Colon Cancer Overview
The human colon, or large intestine, is a muscular, tube-shaped organ
measuring about 4 feet long. It extends from the end of your small bowel to your
anus. Typically the first or right portion of the colon which is called the
ascending colon moves up from the lower right portion of the abdomen. The next
portion, or transverse colon, moves across from the right to the left side of
the upper abdomen. Next, the 3rd region or descending colon moves down the left
side of your abdomen. Then an S shaped or sigmoid colon portion connects the
rest of the colon to the rectum which ends at the anus. The colon has 3 main
- To digest and absorb nutrients from food
- To concentrate fecal material by absorbing fluid (and electrolytes) from it
- To store and control evacuation of fecal material
The right side of your colon plays a major role in absorbing water and electrolytes, while the left side is responsible for storage and evacuation of stool.
Cancer is the transformation of normal cells. The transformed cells grow and multiply abnormally.
- Left untreated, these cancers grow and eventually spread through the colon wall to involve the adjacent lymph nodes and organs. Ultimately, they spread to distant organs such as the liver, lungs, brain, and bones.
- Cancers are dangerous because of their unbridled growth and potential for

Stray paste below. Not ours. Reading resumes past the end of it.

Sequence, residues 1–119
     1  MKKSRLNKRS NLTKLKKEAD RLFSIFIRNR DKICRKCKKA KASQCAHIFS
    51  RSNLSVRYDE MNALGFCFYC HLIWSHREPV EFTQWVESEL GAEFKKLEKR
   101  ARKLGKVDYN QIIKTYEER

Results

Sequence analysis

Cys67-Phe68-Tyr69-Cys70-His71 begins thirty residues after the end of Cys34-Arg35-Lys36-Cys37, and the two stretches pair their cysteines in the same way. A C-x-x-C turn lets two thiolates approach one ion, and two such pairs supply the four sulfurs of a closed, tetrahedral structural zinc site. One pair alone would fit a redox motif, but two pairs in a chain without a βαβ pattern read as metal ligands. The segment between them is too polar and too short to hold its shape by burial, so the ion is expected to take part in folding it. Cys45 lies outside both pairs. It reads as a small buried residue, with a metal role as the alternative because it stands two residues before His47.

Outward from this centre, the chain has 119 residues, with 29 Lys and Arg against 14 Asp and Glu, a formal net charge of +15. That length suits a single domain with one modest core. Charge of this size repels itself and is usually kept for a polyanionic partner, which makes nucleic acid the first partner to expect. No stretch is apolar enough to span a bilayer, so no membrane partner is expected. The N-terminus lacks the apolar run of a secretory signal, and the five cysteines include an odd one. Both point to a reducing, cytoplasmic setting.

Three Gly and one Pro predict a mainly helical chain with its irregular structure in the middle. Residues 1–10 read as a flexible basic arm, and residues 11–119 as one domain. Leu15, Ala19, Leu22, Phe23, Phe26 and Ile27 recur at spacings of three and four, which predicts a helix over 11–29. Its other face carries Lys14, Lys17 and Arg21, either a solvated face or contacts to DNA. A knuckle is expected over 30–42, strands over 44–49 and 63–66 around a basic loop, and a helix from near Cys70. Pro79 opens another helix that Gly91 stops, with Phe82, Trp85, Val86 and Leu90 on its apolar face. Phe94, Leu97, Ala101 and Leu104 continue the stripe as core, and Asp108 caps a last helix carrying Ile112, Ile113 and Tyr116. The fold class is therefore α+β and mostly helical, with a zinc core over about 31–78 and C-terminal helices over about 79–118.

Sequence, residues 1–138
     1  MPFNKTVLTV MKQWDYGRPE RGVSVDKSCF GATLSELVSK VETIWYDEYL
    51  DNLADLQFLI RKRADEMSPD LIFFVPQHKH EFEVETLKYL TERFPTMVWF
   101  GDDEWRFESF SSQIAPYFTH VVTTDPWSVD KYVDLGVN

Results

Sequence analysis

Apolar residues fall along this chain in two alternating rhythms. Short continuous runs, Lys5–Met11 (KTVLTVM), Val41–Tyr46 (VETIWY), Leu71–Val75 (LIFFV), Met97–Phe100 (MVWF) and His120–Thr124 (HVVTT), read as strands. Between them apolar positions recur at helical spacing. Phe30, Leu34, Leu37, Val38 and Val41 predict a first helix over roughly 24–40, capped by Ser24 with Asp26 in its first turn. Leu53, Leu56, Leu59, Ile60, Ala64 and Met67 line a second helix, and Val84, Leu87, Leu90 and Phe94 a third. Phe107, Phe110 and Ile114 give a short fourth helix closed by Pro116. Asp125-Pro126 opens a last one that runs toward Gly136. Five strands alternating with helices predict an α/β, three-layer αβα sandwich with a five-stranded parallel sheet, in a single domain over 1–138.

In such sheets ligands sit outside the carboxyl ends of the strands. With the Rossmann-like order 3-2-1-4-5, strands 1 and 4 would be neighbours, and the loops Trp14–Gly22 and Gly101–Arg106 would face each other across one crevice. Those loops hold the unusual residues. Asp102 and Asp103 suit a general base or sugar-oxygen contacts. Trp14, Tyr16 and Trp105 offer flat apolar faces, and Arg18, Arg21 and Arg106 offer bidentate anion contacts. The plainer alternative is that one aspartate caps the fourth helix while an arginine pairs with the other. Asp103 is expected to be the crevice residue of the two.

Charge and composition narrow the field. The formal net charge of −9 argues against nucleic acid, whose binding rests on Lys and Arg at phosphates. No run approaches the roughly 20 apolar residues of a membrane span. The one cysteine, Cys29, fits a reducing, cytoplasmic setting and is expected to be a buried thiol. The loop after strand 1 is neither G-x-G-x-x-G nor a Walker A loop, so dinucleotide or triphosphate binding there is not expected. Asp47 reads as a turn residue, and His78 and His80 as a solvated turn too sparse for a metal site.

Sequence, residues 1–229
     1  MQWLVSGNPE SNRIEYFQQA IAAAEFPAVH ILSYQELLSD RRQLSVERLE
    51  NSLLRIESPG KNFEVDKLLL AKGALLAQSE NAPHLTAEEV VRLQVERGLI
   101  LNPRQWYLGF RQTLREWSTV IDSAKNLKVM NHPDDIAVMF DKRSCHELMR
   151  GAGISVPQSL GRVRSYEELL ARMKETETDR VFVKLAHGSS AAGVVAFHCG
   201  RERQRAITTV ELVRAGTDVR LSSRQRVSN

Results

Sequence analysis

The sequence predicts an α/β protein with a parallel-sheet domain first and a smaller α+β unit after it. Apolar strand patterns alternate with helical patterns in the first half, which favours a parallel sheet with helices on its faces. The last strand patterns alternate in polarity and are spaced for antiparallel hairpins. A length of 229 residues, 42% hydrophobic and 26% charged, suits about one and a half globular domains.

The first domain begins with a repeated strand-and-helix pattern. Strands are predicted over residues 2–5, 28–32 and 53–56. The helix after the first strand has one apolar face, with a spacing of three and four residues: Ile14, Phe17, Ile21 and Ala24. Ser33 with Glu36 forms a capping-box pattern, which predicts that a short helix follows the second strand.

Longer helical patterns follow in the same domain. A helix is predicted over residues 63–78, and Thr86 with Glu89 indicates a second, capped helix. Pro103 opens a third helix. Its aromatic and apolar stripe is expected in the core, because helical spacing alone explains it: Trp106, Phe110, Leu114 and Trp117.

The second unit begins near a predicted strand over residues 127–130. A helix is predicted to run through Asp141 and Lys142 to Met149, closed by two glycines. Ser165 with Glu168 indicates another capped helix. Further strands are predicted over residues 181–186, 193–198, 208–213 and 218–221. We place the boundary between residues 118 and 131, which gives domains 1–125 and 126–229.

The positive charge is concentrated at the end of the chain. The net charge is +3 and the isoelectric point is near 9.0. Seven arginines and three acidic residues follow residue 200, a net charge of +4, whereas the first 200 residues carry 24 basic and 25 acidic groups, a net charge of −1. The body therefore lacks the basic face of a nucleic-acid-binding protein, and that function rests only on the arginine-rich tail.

spread. They overwhelm healthy cells, tissues, and organs by taking their oxygen, nutrients, and space.
- Most colon cancers are adenocarcinomas-tumors that develop from the glands lining the colon's inner wall.
- These tumors are sometimes referred to as colorectal cancer, reflecting the fact that the rectum, the end portion of the colon, can also be affected.
In the United States, 1 in 17 people will develop colorectal cancer.
- According to reports from the National Cancer Institute, colorectal cancer is the third most common cancer in US men.
- Colorectal canceris the second most common cancer in US women of Hispanic, American Indian/Alaska Native, or Asian/Pacific Islander ancestry, and the third most common cancer in white and African American women.
- The overall incidence of colorectal cancer increased until 1985 and then began decreasing at an average rate of 1.6% per year.
- Deaths from colorectal cancer rank third after lung and prostate cancer for men and third after lung and breast cancer for women.
Medically Reviewed by a Doctor on 5/21/2014
Robert J Fingerote, MD, MSc, BSc
Scott H Plantz, MD, FAAEM
Francisco Talavera, PharmD, PhD
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